After the death of Gotfried II (22 May 1398), the Shroud, which was kept in the collegiate church of Lirey, became the property of his daughter, Margaret de Charny. It is not known how often displays and adorations of the linen were organised, as times were quite turbulent. The growing mental illness of King Charles VI sparked power struggles that eventually escalated into a civil war between the Burgundians and the Armagnacs. France’s precarious internal situation was exploited by the English, who, resuming hostilities, launched the next phase of the Hundred Years’ War. After the defeat of the French at the Battle of Agincourt in 1415, in which John de Bauffremont, Margaret’s first husband, was killed, the country descended into even more chaos. The situation was also unsettled in Champagne and around Lirey, which threatened the safety of the relics. Given the circumstances, Margaret and her new husband, Humbert de Villersexel, decided in July 1418 to temporarily move the Shroud and other precious objects from the collegiate church founded by her grandfather to the castle of Montfort. In the receipt issued to the canons of Lirey, Humbert mentioned, among other things: A canvas bearing the likeness or representation of the Shroud of our Lord Jesus Christ, contained in a casket decorated with the de Charny coat of arms (Wilson 1983, p. 252). Over the following years the Shroud was kept at Montfort near Montbard and at Humbert’s ancestral seat at St Hippolyte-sur-le-Doubs, where several displays were organised.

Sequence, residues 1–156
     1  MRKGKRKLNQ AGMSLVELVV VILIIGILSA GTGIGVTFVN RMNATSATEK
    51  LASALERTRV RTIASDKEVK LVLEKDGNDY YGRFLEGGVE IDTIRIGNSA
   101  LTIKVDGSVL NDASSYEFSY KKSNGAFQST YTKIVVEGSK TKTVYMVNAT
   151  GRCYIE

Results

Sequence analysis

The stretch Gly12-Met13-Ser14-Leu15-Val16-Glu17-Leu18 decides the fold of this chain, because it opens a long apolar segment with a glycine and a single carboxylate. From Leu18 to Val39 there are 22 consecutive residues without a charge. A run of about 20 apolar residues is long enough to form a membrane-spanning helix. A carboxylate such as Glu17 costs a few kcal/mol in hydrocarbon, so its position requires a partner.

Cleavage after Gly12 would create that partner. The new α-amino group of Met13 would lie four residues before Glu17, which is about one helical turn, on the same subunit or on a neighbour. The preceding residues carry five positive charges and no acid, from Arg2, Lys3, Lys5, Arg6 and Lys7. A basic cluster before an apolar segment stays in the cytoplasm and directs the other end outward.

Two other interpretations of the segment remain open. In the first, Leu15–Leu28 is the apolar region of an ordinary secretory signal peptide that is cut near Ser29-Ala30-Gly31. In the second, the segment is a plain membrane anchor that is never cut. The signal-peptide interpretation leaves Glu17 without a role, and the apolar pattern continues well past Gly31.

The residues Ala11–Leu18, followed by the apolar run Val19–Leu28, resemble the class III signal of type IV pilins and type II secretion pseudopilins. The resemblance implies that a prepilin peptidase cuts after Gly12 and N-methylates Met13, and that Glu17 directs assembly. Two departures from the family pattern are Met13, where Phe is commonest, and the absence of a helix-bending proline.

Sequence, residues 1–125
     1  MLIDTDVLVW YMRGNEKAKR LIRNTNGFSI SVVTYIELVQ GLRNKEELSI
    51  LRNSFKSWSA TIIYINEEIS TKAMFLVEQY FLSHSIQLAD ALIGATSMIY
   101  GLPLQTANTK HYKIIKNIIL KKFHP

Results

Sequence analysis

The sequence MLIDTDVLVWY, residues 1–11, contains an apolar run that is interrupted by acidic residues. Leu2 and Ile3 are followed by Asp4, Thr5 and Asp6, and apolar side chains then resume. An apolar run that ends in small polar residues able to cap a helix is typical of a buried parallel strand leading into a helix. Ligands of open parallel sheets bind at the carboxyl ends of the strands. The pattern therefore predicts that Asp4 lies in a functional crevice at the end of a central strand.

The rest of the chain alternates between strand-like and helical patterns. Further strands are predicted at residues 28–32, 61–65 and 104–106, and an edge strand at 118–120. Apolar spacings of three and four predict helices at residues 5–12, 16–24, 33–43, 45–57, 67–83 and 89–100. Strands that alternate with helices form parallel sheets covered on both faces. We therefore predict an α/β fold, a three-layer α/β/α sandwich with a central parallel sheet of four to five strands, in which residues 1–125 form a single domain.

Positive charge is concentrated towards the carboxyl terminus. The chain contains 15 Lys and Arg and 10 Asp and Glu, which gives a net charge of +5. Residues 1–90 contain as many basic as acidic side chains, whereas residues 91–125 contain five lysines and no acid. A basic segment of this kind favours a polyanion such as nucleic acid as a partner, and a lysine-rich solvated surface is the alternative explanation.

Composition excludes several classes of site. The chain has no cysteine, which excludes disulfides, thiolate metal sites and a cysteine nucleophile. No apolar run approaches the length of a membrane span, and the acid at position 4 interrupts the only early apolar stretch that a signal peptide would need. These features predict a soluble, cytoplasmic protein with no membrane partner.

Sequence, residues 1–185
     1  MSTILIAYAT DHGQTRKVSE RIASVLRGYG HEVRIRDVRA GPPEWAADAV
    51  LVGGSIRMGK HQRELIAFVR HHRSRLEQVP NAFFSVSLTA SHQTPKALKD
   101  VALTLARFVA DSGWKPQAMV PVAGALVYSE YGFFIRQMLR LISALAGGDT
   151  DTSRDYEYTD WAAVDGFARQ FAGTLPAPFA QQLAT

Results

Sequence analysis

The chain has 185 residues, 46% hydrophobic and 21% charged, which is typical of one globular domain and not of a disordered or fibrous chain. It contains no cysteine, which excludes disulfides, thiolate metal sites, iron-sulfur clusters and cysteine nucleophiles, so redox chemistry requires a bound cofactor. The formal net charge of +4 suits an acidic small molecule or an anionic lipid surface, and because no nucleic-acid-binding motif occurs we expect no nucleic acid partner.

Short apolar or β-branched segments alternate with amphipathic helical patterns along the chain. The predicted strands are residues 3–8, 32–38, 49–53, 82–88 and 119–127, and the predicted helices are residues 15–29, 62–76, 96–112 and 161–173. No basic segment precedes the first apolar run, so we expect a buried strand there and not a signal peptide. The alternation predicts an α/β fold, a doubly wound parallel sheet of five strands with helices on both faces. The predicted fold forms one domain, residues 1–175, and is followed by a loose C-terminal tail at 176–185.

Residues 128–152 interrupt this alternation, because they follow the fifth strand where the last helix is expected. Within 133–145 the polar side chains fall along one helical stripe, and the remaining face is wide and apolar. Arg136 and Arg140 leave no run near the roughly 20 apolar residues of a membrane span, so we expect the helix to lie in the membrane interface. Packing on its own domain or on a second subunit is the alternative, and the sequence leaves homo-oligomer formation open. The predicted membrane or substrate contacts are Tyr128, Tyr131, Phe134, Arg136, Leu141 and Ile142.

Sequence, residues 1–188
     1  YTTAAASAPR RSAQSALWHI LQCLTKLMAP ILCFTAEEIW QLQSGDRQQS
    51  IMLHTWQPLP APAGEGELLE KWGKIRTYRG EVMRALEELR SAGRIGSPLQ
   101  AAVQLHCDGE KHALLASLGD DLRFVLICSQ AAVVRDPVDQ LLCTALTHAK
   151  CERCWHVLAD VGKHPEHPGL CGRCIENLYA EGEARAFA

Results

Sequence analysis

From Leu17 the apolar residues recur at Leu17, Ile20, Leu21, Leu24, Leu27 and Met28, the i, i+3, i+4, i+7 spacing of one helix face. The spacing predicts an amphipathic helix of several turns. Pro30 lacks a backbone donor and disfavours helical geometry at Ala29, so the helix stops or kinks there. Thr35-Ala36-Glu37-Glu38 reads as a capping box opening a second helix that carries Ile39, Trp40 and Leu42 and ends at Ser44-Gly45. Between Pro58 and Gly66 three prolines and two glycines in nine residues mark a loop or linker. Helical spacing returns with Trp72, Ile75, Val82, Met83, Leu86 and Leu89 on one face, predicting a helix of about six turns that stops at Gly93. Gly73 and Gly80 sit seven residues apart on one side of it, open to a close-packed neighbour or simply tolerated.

After the death of Margaret’s second husband in 1438, when the situation in France had stabilised, the canons of Lirey asked her to return the possessions she had taken away years earlier. The granddaughter of Gotfried I refused to hand over the valuables and the Shroud to the clergy, and over the following years she sued them for the right to possess the relics. Margaret was a childless widow, so her actions may have been motivated by a desire to guarantee her financial security for the last years of her life. Disputes with the canons of Lirey were settled by the court of Dôle, which in May 1443 ordered her to surrender to the clergy the goods taken from Lirey in 1418. In defiance of the verdict, the Shroud remained in the hands of Gotfried de Charny’s granddaughter. Seeing her resistance and determination, the court ended the subsequent trial with an amicable solution: in return for paying the canons compensation, Margaret was allowed to keep the relic for three years. When, in 1449, the clerics of Lirey realised that, again, the Shroud would not be surrendered to them, they turned to the court of Besançon. By a subsequent judgment, Margaret was allowed to keep the linen for the next two years.